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@abelbraaksma abelbraaksma commented Nov 12, 2019

It took me a moment to find it, but the proposal for allowing expressions in literals already exists and is approved. It just needs someone to work on it: #539

It's not exactly the same as the OP asks, but it goes a long way and could in time be expanded.

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@xp44mm xp44mm commented Nov 13, 2019

@abelbraaksma
regex is another use case: it can be precompiled to DFA, and never changed if regex no changed.

i think literal more than constant, literal include constant you metioned and also include tuple literal list literal, optional literal, any immutable data struct's literal. even any can be serialized data. for example array literal json literal.

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@xp44mm xp44mm commented Nov 13, 2019

But this can never, ever work, because a constant in the .NET world is replaced by its value when consumed. That means, if a.dll has a constant, and b.dll consumes this, and we now change the value in a.dll, it will not be reflected in b.dll until you recompile it.

this do not matter. because the length value be infered or evaluated form "abc" literal, if length be updated in a.dll. then "abc" must be updated also in a.dll, so anyway, the b.dll must be recompiled.

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@abelbraaksma abelbraaksma commented Nov 13, 2019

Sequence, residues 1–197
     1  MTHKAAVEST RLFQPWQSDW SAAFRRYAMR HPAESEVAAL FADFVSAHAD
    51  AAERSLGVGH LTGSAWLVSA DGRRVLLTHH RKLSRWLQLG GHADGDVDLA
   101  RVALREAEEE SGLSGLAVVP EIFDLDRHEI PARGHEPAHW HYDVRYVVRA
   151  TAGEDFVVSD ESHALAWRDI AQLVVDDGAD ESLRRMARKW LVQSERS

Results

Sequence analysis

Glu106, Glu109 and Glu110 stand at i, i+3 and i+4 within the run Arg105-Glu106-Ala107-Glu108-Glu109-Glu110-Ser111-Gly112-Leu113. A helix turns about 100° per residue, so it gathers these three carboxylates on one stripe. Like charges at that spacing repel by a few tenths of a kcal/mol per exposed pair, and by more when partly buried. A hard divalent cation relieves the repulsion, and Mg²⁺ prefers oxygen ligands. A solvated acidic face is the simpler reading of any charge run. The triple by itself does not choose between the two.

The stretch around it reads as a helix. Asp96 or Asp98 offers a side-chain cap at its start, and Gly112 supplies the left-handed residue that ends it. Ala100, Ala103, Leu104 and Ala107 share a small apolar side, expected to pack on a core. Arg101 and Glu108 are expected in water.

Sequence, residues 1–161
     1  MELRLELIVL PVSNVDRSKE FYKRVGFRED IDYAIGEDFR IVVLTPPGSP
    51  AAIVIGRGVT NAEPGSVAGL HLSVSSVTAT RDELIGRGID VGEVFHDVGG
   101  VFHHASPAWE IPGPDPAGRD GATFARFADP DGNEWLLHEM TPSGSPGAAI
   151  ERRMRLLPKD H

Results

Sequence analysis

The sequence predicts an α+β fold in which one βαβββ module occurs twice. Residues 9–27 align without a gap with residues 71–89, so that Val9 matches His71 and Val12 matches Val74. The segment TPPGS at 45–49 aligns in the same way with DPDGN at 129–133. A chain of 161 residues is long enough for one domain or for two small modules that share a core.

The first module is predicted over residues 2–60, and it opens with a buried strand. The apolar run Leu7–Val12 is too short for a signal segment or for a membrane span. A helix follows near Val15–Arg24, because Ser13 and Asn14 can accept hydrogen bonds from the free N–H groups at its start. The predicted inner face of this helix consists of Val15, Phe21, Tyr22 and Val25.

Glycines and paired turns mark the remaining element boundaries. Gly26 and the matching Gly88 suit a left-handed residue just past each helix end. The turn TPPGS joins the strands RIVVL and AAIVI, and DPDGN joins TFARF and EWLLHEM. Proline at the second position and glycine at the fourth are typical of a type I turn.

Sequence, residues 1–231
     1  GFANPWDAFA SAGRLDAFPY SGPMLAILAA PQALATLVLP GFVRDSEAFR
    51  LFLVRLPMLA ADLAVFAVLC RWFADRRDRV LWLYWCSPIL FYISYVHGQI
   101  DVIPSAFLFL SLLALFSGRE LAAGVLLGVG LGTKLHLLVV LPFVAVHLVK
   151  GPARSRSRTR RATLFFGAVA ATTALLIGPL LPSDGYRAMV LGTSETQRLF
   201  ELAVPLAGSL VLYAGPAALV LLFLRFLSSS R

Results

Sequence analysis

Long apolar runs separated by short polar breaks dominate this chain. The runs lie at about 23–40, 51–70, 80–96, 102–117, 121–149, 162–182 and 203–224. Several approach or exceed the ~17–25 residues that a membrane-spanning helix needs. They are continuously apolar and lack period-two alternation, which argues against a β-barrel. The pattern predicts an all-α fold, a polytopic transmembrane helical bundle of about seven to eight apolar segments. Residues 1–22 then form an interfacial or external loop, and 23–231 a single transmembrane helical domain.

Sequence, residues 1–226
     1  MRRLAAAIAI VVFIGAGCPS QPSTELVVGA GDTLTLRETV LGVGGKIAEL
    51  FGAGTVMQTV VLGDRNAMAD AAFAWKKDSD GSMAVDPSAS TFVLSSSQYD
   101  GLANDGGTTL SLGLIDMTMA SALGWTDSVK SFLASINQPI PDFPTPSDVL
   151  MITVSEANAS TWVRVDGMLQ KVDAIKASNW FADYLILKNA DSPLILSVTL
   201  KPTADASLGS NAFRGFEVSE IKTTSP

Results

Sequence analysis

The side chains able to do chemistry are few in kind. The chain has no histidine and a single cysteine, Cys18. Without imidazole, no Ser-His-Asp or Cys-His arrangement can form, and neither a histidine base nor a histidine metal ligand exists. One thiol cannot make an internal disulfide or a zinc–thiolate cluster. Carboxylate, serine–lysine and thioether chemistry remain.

i think literal more than constant, literal include constant you metioned and also include tuple literal list ....

Actually, no. In F#, a literal, declared with the [<Literal>] attribute, or inlined as a literal expression, is a constant. I mean, what other languages like C#, VB, C++ call constants, is called a Literal in F#.

And constants, or literals, by their very definition, cannot be reference types (the exception being strings and byte arrays). So your example of regex won't work, not even if you allow calculations of function calls in literals that are to be evaluated at compile time. The only operators presently allowed are ||| on numbers and + on strings. But have a look at the proposal on expanding the set of allowed operators, as I mentioned before. It would be a good starting point.

To get what you want with regexes, you can actually use the methods available from System.Text.RegularExpressions, like CompileToAssembly.

Wanting to allow a "constant" like that, i.e., a whole object, or in this case an actual assembly, to be pre-compiled and stored in your DLL or EXE would mean that somehow the compiler needs to serialize and deserialize the data that you you pre-computed. That's far from trivial, there are books written on that subject alone, and likely not going to happen (but I'm not the one who decides, if there's a reasonable proposal and it gets traction, and you're willing to implement it, they may accept it).